White House Defends Trump's National Emergency Declaration
By Ken Bredemeier February 17, 2019
The White House on Sunday defended President Donald Trump's declaration of a national emergency to build a wall along the U.S.-Mexican border to thwart illegal immigration even though he said he didn't need to do it.
"He could choose to ignore this crisis, but he chose not to," Trump adviser Stephen Miller, an immigration hardliner, told Fox News Sunday.
Miller assailed former Republican President George W. Bush for an "astonishing betrayal" of the U.S. nearly two decades ago when four times as many illegal migrants were entering the United States as now. But Miller said the "bottom line" is that "you cannot conceive of a strong nation without a secure border."
He said Trump's action is "defending our own borders." He illegal immigration "is a threat in our country."
Miller said Trump's actions were justified under a 1976 law giving presidents authority to declare national emergencies, although none of the 59 declared since then has involved instances when a president has attempted to override congressional refusal to approve funding for a specific proposal.
Trump declared the national emergency on Friday to circumvent Congress, which had refused his request for $5.7 billion in wall funding, even as it approved $1.375 billion for barriers along about 90 kilometers of the 3,200-kilometer border. Trump plans to tap more than $8 billion in government funds authorized for other projects the build the wall, although lawsuits challenging the action are already being filed to block his transfer of money.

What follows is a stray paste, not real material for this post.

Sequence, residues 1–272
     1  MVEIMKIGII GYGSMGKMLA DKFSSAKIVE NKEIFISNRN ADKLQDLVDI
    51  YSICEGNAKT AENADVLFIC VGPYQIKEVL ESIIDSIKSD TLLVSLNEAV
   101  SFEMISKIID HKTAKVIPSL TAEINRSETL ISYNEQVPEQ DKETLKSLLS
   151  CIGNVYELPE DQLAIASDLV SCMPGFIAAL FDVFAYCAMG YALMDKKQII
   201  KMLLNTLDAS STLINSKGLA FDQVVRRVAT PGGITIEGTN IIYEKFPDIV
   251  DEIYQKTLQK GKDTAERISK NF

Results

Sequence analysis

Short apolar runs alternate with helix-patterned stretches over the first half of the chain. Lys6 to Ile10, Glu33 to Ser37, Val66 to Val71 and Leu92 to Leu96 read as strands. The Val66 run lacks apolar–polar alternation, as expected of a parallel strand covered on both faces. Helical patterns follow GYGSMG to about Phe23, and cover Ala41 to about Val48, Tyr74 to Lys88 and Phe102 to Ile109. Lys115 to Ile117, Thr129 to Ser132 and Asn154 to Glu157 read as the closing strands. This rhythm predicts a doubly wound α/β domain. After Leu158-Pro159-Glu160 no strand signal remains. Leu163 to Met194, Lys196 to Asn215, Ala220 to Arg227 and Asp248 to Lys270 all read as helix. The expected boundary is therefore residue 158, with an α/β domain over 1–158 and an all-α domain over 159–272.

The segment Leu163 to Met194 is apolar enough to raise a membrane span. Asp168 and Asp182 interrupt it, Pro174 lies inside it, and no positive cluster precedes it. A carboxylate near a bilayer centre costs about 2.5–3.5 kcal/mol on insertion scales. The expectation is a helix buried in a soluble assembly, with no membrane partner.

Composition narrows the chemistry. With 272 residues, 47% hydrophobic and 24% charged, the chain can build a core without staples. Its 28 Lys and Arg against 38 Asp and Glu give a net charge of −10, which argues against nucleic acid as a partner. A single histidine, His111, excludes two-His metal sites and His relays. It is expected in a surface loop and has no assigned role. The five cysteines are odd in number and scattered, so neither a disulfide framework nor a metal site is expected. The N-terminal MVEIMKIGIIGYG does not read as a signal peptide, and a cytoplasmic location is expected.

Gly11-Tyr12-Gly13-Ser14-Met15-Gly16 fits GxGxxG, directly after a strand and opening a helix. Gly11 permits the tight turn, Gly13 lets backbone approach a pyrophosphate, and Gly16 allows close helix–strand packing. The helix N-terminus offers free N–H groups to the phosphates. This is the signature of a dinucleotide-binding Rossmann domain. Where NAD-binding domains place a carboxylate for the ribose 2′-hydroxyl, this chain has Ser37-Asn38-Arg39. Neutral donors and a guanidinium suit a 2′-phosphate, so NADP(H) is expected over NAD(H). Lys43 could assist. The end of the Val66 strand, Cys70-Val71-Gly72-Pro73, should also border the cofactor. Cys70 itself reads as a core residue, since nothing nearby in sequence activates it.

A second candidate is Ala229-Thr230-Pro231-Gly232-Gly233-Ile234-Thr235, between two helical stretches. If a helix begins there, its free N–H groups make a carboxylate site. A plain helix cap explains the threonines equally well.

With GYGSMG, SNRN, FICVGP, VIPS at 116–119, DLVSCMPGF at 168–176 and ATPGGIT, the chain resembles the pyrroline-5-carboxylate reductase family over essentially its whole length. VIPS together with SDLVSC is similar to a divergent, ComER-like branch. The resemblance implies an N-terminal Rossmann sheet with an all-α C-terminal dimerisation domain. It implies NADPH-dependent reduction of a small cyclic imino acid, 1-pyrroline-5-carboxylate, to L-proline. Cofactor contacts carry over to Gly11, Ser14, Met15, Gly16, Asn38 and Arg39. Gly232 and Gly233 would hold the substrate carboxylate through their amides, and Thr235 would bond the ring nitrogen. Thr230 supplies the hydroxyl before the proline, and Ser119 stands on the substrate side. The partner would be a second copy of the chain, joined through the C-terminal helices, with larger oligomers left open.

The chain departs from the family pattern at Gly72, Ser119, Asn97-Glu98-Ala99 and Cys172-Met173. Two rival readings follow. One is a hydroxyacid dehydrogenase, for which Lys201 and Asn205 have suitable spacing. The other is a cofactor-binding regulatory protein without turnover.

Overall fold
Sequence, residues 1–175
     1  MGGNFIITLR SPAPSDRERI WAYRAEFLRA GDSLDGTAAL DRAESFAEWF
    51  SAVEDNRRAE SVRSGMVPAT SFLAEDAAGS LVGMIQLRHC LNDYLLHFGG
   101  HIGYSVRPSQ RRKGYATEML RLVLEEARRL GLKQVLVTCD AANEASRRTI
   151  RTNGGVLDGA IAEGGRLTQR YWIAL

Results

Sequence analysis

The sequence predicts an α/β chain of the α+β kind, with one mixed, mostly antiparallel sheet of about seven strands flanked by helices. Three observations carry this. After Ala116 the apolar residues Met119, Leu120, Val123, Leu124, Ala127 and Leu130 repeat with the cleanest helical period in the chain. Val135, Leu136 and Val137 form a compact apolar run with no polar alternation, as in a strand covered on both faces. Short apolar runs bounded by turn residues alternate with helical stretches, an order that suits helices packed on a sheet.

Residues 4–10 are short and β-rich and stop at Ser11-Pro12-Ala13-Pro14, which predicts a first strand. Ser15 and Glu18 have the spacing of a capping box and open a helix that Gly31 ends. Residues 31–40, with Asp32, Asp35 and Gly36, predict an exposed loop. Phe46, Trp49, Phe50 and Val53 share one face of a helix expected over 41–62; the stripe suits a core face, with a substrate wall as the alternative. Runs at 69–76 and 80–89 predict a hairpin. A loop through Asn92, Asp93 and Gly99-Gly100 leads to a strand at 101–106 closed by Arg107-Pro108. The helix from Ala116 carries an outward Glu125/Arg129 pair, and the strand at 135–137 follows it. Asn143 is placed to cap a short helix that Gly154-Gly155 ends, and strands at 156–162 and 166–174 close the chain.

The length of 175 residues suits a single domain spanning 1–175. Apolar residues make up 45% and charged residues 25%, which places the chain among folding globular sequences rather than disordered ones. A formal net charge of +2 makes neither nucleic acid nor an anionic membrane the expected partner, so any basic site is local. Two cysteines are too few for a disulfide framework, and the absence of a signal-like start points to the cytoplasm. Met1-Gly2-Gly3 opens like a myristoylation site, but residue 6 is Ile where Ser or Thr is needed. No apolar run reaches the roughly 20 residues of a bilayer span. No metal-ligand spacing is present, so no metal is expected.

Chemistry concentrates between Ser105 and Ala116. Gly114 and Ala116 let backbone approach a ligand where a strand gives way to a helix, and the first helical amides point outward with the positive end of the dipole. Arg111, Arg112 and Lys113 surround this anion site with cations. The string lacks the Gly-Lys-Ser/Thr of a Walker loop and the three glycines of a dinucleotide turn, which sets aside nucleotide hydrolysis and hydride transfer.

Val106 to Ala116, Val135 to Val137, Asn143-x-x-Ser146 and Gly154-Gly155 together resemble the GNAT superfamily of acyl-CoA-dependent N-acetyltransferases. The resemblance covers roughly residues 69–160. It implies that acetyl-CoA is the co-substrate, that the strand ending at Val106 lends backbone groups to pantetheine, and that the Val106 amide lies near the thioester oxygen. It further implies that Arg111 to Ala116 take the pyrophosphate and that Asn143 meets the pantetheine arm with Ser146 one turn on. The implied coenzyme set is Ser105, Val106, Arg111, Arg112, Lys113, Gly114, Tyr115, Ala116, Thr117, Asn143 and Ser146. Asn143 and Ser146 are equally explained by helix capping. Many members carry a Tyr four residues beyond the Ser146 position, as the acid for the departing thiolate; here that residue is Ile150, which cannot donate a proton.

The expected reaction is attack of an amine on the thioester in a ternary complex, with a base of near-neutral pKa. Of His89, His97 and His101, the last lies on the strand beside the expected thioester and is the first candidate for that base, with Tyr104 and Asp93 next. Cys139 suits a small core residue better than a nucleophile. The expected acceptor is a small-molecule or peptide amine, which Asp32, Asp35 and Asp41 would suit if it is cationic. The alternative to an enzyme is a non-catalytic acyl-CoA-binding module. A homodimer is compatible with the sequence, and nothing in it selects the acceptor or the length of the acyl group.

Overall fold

Miller said more than 320 kilometers of the border wall would be built by the end of September 2020, just weeks before Trump stands for re-election to a second four-year term.
Acting U.S. Defense Secretary Patrick Shanahan said he thinks he has "a lot of discretion" in deciding which funds previously allocated for defense needs can instead be used to build a border wall. "You can trust the numbers in terms of the potential. Then you gotta marry it up with where the money would be spent." But he said money designated for military housing would not be spent on the wall.
Trump said he declared the national emergency because he was unhappy with the amount of money Congress authorized.
"I want to do it faster," he said. "I could do the wall over a longer period of time. I didn't need to do this. But I'd rather do it much faster."
Trump's staunchest critics, including Democrats who have announced they are running against him next year and other lawmakers, have attacked his national emergency declaration as an end-run around the constitutional provision that U.S. funding authorization lies with Congress and noted that he said that he did not need to take action.
Democratic Congressman Adam Schiff, chairman of the House Intelligence Committee, told CNN, "If we give away, if we surrender the power of the purse… there will be little check and no balance left. It'll not be a separation of powers anymore, just a separation of parties."
Journalist Bob Woodward, who chronicled the first year of the Trump presidency in a best-selling book called "Fear," told Fox News he believes Trump made the national emergency declaration because "he looks strong. He looks tough to lots of people."
Trump centered much of his successful 2016 campaign for the White House on a vow to build the wall and make Mexico pay for it. He long since abandoned direct payment from Mexico, when its leaders rejected the idea, and instead sought congressional approval of the U.S. taxpayer funding.
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